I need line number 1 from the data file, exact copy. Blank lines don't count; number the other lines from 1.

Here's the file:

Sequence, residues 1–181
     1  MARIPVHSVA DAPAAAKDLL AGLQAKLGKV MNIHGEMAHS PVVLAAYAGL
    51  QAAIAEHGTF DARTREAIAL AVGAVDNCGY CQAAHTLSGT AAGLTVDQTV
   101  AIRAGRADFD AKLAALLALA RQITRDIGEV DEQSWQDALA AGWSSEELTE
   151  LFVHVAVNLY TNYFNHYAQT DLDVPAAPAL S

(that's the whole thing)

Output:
Sequence, residues 1–181